The 1.85-meter hurler uses a unique style of pitching also known as the "tornado." It begins with him throwing his hands far behind his head -- ball hidden from the batter -- before coming around for the release. The speed of the delivery: 150 kph. "It's very effective," Dodger manager Tommy Lasorda told Asiaweek. "It's difficult for batters to pick up the ball. It's deceptive." Agrees pitching coach Dave Wallace: "When you combine the stuff that he has and the aptitude and the competitiveness of this young man, it's just a wonderful package." Rivals are also impressed. "Everything he does makes you look real ugly," says Al Martin, a fielder for the Pittsburgh Pirates, recently beaten by the Dodgers.

Nomo's first starts with the Dodgers, however, were anything but spectacular. While he threw an impressive number of strike-outs, he was also wild, walking so many batters -- 25 in his first six games -- that he was pulled out in early innings. Dodger fans and the team management had unhappy flashbacks to the start of the 1994 season when rookie pitcher Park Chan Ho, 20, arrived to become the first Korean in the majors. The press and the big local Korean community fanned what was quickly dubbed Chan Ho-mania. But Park struggled on the mound, gave up too many walks and, after a little more than two weeks, was sent back to the Dodgers' minor league team in San Antonio.

So when Nomo had trouble in his early starts, "a lot of people got nervous," recalls one source. "The team had spent all that money and there was all the hoopla." Suddenly, though, he found himself -- and true Nomo-mania took off. For Japanese, there was the added fillip of one of their countrymen beating the Americans at their own game. As one TV newscaster put it: "No matter how hard he attacks Americans, no one complains or criticizes Japan for that." At Dodger Stadium, U.S. fans grab caps, T-shirts and sweatshirts bearing Nomo's name and number, 16. "The fans come just for him," says Lori Vasquez, who runs a novelty stand. "He's our top seller."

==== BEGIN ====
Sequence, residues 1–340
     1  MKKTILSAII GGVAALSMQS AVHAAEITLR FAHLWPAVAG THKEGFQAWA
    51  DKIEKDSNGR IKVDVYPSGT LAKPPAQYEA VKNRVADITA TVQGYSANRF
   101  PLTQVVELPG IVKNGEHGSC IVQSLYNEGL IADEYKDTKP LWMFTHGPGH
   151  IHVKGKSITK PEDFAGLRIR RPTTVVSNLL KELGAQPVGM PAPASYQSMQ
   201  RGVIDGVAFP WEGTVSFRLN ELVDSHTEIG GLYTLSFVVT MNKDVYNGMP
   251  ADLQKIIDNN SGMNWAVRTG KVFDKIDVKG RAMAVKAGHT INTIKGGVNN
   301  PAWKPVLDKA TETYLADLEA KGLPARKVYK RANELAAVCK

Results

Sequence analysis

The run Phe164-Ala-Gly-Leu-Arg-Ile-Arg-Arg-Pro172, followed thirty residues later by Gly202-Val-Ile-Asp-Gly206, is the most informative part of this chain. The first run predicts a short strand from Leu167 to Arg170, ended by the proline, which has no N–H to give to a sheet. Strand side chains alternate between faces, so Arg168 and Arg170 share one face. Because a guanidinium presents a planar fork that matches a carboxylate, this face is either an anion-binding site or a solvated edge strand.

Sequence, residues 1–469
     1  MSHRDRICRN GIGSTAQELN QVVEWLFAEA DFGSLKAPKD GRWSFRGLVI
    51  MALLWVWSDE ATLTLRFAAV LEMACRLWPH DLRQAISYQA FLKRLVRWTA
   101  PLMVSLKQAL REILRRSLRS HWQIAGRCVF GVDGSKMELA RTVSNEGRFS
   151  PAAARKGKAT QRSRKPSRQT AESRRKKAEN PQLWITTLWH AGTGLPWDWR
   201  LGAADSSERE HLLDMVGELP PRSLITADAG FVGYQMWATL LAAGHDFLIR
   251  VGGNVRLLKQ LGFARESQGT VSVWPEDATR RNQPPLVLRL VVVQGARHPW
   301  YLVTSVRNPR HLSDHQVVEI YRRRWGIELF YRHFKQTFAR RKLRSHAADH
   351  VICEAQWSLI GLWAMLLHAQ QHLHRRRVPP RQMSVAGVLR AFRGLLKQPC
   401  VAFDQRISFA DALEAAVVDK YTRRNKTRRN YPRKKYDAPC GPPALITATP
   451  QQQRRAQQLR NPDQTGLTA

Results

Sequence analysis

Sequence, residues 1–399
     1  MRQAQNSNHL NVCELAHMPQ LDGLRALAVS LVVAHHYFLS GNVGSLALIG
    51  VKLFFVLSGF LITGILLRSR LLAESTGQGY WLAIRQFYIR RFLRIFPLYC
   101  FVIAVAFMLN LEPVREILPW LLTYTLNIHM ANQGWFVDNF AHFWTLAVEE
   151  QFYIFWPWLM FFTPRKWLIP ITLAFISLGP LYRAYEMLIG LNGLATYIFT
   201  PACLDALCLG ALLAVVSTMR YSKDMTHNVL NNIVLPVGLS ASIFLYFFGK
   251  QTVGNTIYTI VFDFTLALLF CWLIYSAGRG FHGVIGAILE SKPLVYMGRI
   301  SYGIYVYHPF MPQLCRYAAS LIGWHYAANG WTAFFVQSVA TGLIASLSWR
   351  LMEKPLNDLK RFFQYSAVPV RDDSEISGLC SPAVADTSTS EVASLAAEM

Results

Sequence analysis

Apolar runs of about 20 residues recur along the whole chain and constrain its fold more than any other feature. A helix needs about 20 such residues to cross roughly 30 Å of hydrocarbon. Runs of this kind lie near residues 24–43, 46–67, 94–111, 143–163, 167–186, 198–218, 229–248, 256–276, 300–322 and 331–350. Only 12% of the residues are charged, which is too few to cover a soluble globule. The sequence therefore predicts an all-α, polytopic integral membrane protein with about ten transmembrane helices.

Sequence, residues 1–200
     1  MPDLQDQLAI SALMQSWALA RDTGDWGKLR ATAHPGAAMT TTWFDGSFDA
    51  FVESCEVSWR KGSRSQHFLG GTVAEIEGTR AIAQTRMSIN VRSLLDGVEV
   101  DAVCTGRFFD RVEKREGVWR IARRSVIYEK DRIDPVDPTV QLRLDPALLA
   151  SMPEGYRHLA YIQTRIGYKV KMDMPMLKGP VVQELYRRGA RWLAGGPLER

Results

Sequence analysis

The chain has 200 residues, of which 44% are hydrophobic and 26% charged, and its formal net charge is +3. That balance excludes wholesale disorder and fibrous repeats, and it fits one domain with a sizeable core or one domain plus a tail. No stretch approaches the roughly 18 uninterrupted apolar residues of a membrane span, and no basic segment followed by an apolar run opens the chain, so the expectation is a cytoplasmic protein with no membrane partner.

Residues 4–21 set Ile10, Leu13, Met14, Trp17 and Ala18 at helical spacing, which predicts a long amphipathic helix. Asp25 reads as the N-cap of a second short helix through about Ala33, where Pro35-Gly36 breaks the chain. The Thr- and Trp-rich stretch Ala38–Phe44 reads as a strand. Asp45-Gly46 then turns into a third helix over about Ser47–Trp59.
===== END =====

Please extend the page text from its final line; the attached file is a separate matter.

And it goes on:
But the modest Nomo wants as little attention as possible. When the crowd went wild during the Dodger-Giants game, he left the mound virtually ignoring the standing ovation. Fans refused to let him get away, though, and he broke into a wide grin, doffing his cap. Later he admitted: "I am proud when I come to the ballpark. The fans give me a good feeling." But he quickly added, "The win today is not mine only -- it's the team's win." Nomo may be more of an individualist than his old manager liked, but he is still very Japanese.

This edition's table of contents | Asiaweek home



U.S. secretary of state says China should be 'tolerant'

Philippine government denies Estrada's claim to presidency

Faith, madness, magic mix at sacred Hindu festival

Land mine explosion kills 11 Sri Lankan soldiers

Japan claims StarLink found in U.S. corn sample

Thai party announces first coalition partner


COVER: President Joseph Estrada gives in to the chanting crowds on the streets of Manila and agrees to make room for his Vice President

THAILAND: Twin teenage warriors turn themselves in to Bangkok officials

CHINA: Despite official vilification, hip Chinese dig Lamaist culture

PHOTO ESSAY: Estrada Calls Snap Election

WEB-ONLY INTERVIEW: Jimmy Lai on feeling lucky -- and why he's committed to the island state


COVER: The DoCoMo generation - Japan's leading mobile phone company goes global

Bandwidth Boom: Racing to wire - how underseas cable systems may yet fall short

TAIWAN: Party intrigues add to Chen Shui-bian's woes

JAPAN: Japan's ruling party crushes a rebel at a cost

SINGAPORE: Singaporeans need to have more babies. But success breeds selfishness